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Getting drunk safely? Night-life policy in the UK and its public health consequences

Authors

  • MARK A. BELLIS,

    Corresponding author
      Mark A. Bellis BSc, PhD, DSc, Director, Karen Hughes BSc, MPhil, Reader in Behavioural Epidemiology. Professor Mark A. Bellis, Centre for Public Health, Liverpool John Moores University, Henry Cotton Campus, 15-21 Webster Street, Liverpool L3 2ET, UK. Tel: +44 (0)151 231 4510; Fax: +44 (0)151 231 4552; E-mail: m.a.bellis@ljmu.ac.uk
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  • KAREN HUGHES

    1. Centre for Public Health, Liverpool John Moores University, Liverpool, UK
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Mark A. Bellis BSc, PhD, DSc, Director, Karen Hughes BSc, MPhil, Reader in Behavioural Epidemiology. Professor Mark A. Bellis, Centre for Public Health, Liverpool John Moores University, Henry Cotton Campus, 15-21 Webster Street, Liverpool L3 2ET, UK. Tel: +44 (0)151 231 4510; Fax: +44 (0)151 231 4552; E-mail: m.a.bellis@ljmu.ac.uk

Abstract

Issues.Pubs, bars and nightclubs are central features of recreational night-life in the towns and cities of many countries. The last two decades have seen UK towns and cities regenerated through the provision of night-life environments aimed at servicing youth-focused monocultures typified by heavy drinking, loud music and dancing. Such changes in night-life settings have created major problems with management of alcohol-related violence.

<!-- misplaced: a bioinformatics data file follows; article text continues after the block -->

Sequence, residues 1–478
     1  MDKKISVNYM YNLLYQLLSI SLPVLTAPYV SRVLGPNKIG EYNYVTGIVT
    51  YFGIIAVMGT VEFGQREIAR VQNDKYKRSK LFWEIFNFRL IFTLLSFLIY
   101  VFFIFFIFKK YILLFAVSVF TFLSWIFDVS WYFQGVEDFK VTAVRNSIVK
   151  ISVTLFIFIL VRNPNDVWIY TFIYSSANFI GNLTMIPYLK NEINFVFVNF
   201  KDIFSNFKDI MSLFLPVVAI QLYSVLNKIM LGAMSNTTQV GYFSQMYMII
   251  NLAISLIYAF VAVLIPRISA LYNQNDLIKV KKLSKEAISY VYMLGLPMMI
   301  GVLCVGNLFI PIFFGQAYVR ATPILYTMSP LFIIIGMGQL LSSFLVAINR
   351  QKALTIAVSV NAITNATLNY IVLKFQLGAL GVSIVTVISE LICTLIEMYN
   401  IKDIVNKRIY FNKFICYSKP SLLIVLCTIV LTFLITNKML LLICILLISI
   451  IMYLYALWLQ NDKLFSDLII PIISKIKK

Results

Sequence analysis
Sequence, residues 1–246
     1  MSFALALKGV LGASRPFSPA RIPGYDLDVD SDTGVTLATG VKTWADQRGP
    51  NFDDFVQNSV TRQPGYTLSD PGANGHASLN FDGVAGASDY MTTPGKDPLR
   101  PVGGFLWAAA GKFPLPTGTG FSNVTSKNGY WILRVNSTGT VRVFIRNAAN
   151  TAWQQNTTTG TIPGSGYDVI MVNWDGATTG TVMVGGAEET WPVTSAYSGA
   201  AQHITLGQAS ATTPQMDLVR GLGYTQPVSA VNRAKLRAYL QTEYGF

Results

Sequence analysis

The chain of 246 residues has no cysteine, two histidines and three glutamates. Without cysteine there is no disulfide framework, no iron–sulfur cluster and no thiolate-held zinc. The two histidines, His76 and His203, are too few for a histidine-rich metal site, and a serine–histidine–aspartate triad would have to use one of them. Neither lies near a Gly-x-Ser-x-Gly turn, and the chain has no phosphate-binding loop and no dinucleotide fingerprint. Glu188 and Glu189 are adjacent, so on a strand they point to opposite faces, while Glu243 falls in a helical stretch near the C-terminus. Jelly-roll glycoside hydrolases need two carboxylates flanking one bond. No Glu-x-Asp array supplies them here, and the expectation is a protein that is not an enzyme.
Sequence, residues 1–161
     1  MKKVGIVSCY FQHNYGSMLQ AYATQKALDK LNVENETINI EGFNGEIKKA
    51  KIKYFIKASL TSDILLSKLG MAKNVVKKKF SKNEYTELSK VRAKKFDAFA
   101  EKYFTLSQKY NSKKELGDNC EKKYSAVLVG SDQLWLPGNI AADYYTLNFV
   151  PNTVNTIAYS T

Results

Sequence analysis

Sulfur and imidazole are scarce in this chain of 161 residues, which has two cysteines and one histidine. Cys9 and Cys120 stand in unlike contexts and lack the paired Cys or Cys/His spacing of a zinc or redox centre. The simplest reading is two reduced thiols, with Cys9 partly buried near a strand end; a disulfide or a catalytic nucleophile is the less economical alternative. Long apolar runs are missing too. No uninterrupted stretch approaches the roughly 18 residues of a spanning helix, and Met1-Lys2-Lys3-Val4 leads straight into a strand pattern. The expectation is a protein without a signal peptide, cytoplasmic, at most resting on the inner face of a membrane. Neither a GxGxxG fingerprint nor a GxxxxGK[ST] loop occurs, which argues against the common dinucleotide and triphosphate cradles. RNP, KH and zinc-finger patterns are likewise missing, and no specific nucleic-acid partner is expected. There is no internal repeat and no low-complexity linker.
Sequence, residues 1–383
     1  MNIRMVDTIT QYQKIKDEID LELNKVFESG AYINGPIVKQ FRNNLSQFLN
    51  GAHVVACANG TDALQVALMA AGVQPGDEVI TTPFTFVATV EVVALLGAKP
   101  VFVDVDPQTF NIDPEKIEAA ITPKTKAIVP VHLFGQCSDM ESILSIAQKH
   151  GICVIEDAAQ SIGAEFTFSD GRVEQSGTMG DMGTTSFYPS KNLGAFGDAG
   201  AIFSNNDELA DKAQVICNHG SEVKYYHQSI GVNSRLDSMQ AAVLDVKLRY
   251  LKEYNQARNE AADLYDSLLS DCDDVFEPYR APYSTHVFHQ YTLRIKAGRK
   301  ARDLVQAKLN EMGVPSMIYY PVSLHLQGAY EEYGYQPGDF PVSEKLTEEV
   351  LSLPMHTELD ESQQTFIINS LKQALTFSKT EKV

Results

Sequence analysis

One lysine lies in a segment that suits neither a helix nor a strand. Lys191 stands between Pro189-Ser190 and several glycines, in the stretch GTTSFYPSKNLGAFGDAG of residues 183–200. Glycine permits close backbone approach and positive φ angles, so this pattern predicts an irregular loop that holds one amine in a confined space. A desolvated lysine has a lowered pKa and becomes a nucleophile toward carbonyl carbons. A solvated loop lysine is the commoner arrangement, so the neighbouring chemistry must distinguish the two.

Approach.We examine what policies and interventions have been implemented to reduce violence in public night-life environments. We critically appraise the outcomes of such measures and whether they simply create environments in which it appears ‘safe’ for people to routinely get drunk while displacing violence and adding to health and social problems elsewhere.

Key Findings/Implications.A variety of initiatives have been put in place to reduce violence and alcohol-related harm in night-time environments. These include changes to licensing laws, high profile policing, late night transport security, street lighting and closed circuit television camera networks. In some circumstances, the evidence for their effectiveness in containing night-life violence is relatively good. However, such approaches can also reduce incentives to stay sober, potentially act as a mechanism for displacing violence into surrounding areas, and divert public monies to city centre drinking environments at the expense of services in local communities.

Conclusion.We argue that a public health approach to night-life is required which addresses drunkenness rather than pandering to the economic benefits of excessive alcohol use and managing any violence that is on public display. [Bellis MA, Hughes K. Getting drunk safely? Night-life policy in the UK and its public health consequences. Drug Alcohol Rev 2011;30:536–545]

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